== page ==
Hungarians[edit]

The Hungarian minority in north Serbia (Vojvodina) has also been affected by Serbianisation since the aftermath of World War II.[21]

De-Serbianisation[edit]

Croatia[edit]

In the Military Frontier (1500–1800)[edit]

Serbs in the Roman Catholic Croatian Military Frontier were out of the jurisdiction of the Serbian Patriarchate of Peć and in 1611, after demands from the community, the Pope establishes the Eparchy of Marča (Vratanija) with seat at the Serbian-built Marča Monastery and instates a Byzantine Rite vicar bishop as sub-ordinate to the Roman Catholic bishop of Zagreb, working to bring Serbian Orthodox Christians into communion with Rome which caused struggle of power between the Catholics and the Serbs over the region. In 1695 Serbian Orthodox Eparchy of Lika-Krbava and Zrinopolje is established by metropolitan Atanasije Ljubojevic and certified by Emperor Josef I in 1707. In 1735 the Serbian Orthodox protested in the Marča Monastery and it became a part of the Serbian Orthodox Church until 1753 when the Pope restored the Roman Catholic clergy at it. On June 17, 1777 the Eparchy of Križevci is permanently established by Pope Pius VI with see at Križevci, near Zagreb, thus forming the Croatian Greek Catholic Church which would after the World War I include other people; Rusyns and Ukrainians of Yugoslavia.[22][23]

Kosovo[edit]

The term Arnauti or Arnautaši was coined by Serbian ethnographers for allegedly "Albanized Serbs"; Serbs who were thought to have converted to Islam and supposedly went through a process of Albanisation.[24][25]

In Orahovac[edit]

At the end of the 19th century, writer Branislav Nušić recorded that the Serb poturice (converts to Islam) of Orahovac began speaking in Albanian and marrying Albanian women.[25]

When Dr Jovan Hadži Vasiljević (l. 1866–1948) visited Orahovac in World War I, he could not distinguish Orthodox from Islamicized and Albanized Serbs.[25] They spoke Serbian, wore the same costumes, but claimed Serbian, Albanian or Turk ethnicity.[25] The Albanian starosedeoci (old urban families) were Slavophone; they did not speak Albanian but a Slavic dialect (naš govor, Our language) at home.[25]

In the 1921 census the majority of Muslim Albanians of Orahovac were registered under the category "Serbs and Croats".[25] This is contrary to the belief that Islamisation led to Albanisation. This suggests that claims of Islamisation has led to Albanisation of Serbs are difficult to prove. Also, there has been a continuous and considerable presence of a Slavic Muslim population in Kosovo.

Mark Krasniqi, the Kosovo Albanian ethnographer, recalled in 1957:[25] "During my own research, some of them told me that their tongue is similar to Macedonian rather than Serbian (it is clear that they want to dissociate themselves from everything Serbian[25]). It is likely they are the last remnants of what is now known in Serbian sources as 'Arnautaši', Islamicised and half-way Albanianised Slavs."[25]

Notable individuals of non-Serb origin who declare as Serbs[edit]

See also[edit]

Notes[edit]

  1. ^ "The Real Face of Serbian Education in Macedonia". newspaper "Makedonsko Delo", No. 9 (Jan. 10, 1926), Vienna, original in Bulgarian. Retrieved 2007-08-03. 
  2. ^ Dejan Djokić, Yugoslavism: histories of a failed idea, 1918–1992, p. 123, at Google Books
  3. ^ R. J. Crampton, Eastern Europe in the twentieth century—and after, p. 20, at Google Books
  4. ^ "Report of the International Commission to Inquire into the Causes and Conduct of the Balkan War". archive.org. Retrieved 2015-04-12. 
  5. ^ Report of the International Commission to Inquire into the Causes and Conduct of the Balkan Wars (p. 52)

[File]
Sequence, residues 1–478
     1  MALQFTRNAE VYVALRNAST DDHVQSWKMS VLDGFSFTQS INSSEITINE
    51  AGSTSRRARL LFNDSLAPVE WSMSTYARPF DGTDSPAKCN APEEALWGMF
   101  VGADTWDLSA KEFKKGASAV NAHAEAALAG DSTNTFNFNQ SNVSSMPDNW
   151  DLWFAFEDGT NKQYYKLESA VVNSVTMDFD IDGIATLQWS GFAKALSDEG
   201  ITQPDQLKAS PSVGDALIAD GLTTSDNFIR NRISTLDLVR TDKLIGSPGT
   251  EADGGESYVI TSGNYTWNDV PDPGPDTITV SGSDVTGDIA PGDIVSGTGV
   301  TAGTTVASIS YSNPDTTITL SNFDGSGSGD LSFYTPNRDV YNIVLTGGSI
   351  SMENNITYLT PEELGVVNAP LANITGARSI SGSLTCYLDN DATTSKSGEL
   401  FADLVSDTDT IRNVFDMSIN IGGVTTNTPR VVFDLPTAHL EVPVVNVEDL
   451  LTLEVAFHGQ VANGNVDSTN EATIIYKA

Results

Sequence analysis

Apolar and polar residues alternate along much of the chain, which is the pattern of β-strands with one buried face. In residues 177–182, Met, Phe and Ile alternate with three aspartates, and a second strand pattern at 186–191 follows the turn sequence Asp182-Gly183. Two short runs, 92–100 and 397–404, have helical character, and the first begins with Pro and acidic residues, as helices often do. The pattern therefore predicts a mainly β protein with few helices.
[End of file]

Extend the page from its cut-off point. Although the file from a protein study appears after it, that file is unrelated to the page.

6. ^ a b c Report of the International Commission to Inquire into the Causes and Conduct of the Balkan Wars (p. 165)
  7. ^ Report of the International Commission to Inquire into the Causes and Conduct of the Balkan Wars (p. 53)
  8. ^ "An article by Dimiter Vlahov about the persecution of the Bulgarian population in Macedonia". newspaper "Balkanska federatsia", No. 140, 20 August 1930, Vienna, original in Bulgarian. Retrieved 2007-08-03. 
  9. ^ Friedman, V. (1985). "The Sociolinguistics of Literary Macedonian". International Journal of the Sociology of Language. 52: 31–57. doi:10.1515/ijsl.1985.52.31. 
  10. ^ "By the Shar Mountain there is also terror and violence". newspaper "Makedonsko Delo", No. 58, 25 January 1928, Vienna, original in Bulgarian. Retrieved 2007-08-03. 
  11. ^ Стојан Киселиновски, Етничките промени во Македонија: 1913-1995, Институт, 2000, ISBN 9989624518.
  12. ^ War of words: Washington tackles the Yugoslav conflict, p. 43, at Google Books
  13. ^ The Macedonian conflict: ethnic nationalism in a transnational world, Loring M. Danforth, Princeton University Press, 1997, ISBN 0-691-04356-6, pp. 65-66.
  14. ^ Europe Since 1945: An Encyclopedia by Bernard Anthony Cook ISBN 0-8153-4058-3 [1]
  15. ^ Stojan Kiselinovski, Historical Roots of the Macedonian Language Codification, Polish Academy of Sciences, 2016, Studia Srodkowoeuropejskie i Bałkanistyczne, pp. 133-146.  DOI: 10.4467/2543733XSSB.16.009.6251
  16. ^ Voss C., The Macedonian Standard Language: Tito—Yugoslav Experiment or Symbol of ‘Great Macedonian’ Ethnic Inclusion? in C. Mar-Molinero, P. Stevenson as ed. Language Ideologies, Policies and Practices: Language and the Future of Europe, Springer, 2016, ISBN 0230523889, p. 126.
  17. ^ Language ideologies, policies and practices by Clare Mar-Molinero, Patrick Stevenson (Editor) - The Macedonian standard language: Tito-Yugoslav experiment or symbol for “Great Macedonian” ethnic inclusion? Christian Voss, ISBN 9780230580084, Palgrave Macmillan, 2009, pp. 120-122.
  18. ^ a b The languages and linguistics of Europe: A comprehensive guide, Hans Henrich, Bernd Kortmann, Johan van der Auwera, Walter de Gruyter, 2011, ISBN 3110220261, p. 420.
  19. ^ Радио Слободна Европа, јануари 23, 2015, Марија Митевска, Србизација на Македонија?
  20. ^ M. V. Fifor. Assimilation or Acculturalisation: Creating Identities in the New Europe. The case of Vlachs in Serbia. Published in Cultural Identity and Ethnicity in Central Europe, Jagellonian University, Cracow
  21. ^ Frederick Bernard Singleton, Twentieth-century Yugoslavia, New York, Columbia University Press, 1976, p. 222
  22. ^ Encyclopedia of Rusyn History and Culture at Google Books
  23. ^ Geopolitics of European Union Enlargement: The Fortress Empire at Google Books
  24. ^ Dietmar Müller, Staatsbürger aus Widerruf: Juden und Muslime als Alteritätspartner im rumänischen und serbischen Nationscode: ethnonationale Staatsbürgerschaftskonzepte 1878–1941, p. 183–208. ISBN 3-447-05248-1, ISBN 978-3-447-05248-1
  25. ^ a b c d e f g h i Religion and the politics of identity in Kosovo, p. 73: see footnotes